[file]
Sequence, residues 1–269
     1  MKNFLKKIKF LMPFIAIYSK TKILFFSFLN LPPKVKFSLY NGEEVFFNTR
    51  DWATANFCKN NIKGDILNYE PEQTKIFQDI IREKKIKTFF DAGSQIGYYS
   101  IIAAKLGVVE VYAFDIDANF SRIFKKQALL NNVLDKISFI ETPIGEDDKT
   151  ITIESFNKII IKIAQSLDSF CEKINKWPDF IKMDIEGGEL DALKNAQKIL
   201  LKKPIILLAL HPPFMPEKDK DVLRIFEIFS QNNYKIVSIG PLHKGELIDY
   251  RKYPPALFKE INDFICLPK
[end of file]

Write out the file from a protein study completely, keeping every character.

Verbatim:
Sequence, residues 1–269
     1  MKNFLKKIKF LMPFIAIYSK TKILFFSFLN LPPKVKFSLY NGEEVFFNTR
    51  DWATANFCKN NIKGDILNYE PEQTKIFQDI IREKKIKTFF DAGSQIGYYS
   101  IIAAKLGVVE VYAFDIDANF SRIFKKQALL NNVLDKISFI ETPIGEDDKT
   151  ITIESFNKII IKIAQSLDSF CEKINKWPDF IKMDIEGGEL DALKNAQKIL
   201  LKKPIILLAL HPPFMPEKDK DVLRIFEIFS QNNYKIVSIG PLHKGELIDY
   251  RKYPPALFKE INDFICLPK